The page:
Title

Theory as practice, theory in practice: Deleuze and Foucault in conversation

College

College of Liberal Arts

Department/Unit

Literature, Department of

Document Type

Article

Source Title

Suri

Volume

7

Issue

2

Publication Date

2018

Abstract

The many national and transnational events that have dominated the public sphere in recent times—the refugee crisis and the revival of nationalism, the emergence of the Black Lives Matter movement and the Alt Right, the ascendancy of populist administrations and the specter of fascism, the Women’s March and the #MeToo movement—raise the question of which category f politics of identity warrants analytical and political priority. Further to this inquiry is the question of which struggle most urgently lays claim to our sense of solidarity. Appropriating Benedict Anderson’s commentary on the experience of studying the successive colonialism in Philippine history, this multiplicity of existential concerns cannot but evoke a feeling of “historical vertigo.” How do we understand the simultaneity and disjunctions of the contemporary? In this context, theory has never been more compelling and yet, given the material realities of concern, contestable. What exactly does theory do?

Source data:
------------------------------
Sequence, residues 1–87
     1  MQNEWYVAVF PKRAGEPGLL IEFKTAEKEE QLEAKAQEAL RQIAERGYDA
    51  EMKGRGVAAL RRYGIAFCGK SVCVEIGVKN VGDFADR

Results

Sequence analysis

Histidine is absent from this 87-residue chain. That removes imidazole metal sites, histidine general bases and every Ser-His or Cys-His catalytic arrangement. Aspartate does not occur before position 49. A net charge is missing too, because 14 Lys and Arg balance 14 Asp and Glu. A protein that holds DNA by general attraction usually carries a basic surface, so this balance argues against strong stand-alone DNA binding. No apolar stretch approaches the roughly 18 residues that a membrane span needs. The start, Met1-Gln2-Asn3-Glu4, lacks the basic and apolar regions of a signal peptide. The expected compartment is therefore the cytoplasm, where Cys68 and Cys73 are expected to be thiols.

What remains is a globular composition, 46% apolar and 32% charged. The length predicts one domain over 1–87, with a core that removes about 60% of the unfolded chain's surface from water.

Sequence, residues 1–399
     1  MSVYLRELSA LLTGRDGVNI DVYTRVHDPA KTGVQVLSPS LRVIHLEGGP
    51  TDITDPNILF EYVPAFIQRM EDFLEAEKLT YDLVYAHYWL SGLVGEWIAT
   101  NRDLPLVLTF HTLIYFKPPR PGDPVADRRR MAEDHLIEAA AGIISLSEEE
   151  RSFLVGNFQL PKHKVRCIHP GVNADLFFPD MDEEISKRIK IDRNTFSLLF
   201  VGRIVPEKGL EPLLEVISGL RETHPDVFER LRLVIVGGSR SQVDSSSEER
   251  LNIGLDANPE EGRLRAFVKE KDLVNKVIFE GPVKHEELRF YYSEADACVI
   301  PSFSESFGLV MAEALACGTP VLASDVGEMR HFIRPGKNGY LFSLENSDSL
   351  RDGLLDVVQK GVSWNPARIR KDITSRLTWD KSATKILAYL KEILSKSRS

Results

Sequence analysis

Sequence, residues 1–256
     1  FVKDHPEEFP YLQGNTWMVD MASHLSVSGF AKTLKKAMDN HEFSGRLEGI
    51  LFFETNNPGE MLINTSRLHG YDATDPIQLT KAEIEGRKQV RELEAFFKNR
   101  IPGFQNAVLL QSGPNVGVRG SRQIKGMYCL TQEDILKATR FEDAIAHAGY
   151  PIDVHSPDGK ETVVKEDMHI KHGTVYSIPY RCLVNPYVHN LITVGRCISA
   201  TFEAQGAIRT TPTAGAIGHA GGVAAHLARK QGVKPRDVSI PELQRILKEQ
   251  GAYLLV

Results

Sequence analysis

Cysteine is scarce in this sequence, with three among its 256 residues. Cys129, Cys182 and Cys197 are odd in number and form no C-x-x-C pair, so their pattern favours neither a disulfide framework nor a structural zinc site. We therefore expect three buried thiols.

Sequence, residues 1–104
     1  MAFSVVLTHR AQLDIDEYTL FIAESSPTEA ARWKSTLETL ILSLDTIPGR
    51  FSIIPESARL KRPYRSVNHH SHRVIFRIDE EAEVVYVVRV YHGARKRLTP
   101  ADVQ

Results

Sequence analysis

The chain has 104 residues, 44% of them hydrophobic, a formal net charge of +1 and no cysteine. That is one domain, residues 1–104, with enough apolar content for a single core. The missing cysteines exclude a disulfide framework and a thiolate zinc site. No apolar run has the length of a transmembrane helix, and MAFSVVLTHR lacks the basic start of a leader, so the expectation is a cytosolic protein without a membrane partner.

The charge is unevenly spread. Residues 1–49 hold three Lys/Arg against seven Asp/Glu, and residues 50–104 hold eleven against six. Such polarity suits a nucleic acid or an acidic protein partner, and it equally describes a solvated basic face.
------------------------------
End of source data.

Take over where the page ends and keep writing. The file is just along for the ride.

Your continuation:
Towards addressing this question, this paper returns to the critical conversation between Gilles Deleuze and Michel Foucault in 1972 on the relation between theory and practice. In arguing for the value of theory as practice, this paper also explores the question of resistance to power, what the later Foucault would theorize under the rubric of Stoicism, in both Deleuze and Foucault and their representations of the intellectual as well as how we can bring their works to bear on the turn to cosmopolitanism.

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Disciplines

Philosophy | Social and Behavioral Sciences

Keywords

Identity politics; Cosmopolitanism; Knowledge, Theory of; Practice (Philosophy)

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